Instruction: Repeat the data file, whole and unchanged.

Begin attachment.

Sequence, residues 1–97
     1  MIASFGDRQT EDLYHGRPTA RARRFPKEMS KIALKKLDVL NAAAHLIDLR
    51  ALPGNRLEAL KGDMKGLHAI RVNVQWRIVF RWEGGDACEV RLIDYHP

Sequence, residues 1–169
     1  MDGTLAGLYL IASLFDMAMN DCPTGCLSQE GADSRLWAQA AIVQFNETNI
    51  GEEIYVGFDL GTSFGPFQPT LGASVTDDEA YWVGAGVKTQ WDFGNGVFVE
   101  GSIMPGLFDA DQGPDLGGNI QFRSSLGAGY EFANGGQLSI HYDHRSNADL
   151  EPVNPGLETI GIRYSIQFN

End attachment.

Sequence, residues 1–97
     1  MIASFGDRQT EDLYHGRPTA RARRFPKEMS KIALKKLDVL NAAAHLIDLR
    51  ALPGNRLEAL KGDMKGLHAI RVNVQWRIVF RWEGGDACEV RLIDYHP

Sequence, residues 1–169
     1  MDGTLAGLYL IASLFDMAMN DCPTGCLSQE GADSRLWAQA AIVQFNETNI
    51  GEEIYVGFDL GTSFGPFQPT LGASVTDDEA YWVGAGVKTQ WDFGNGVFVE
   101  GSIMPGLFDA DQGPDLGGNI QFRSSLGAGY EFANGGQLSI HYDHRSNADL
   151  EPVNPGLETI GIRYSIQFN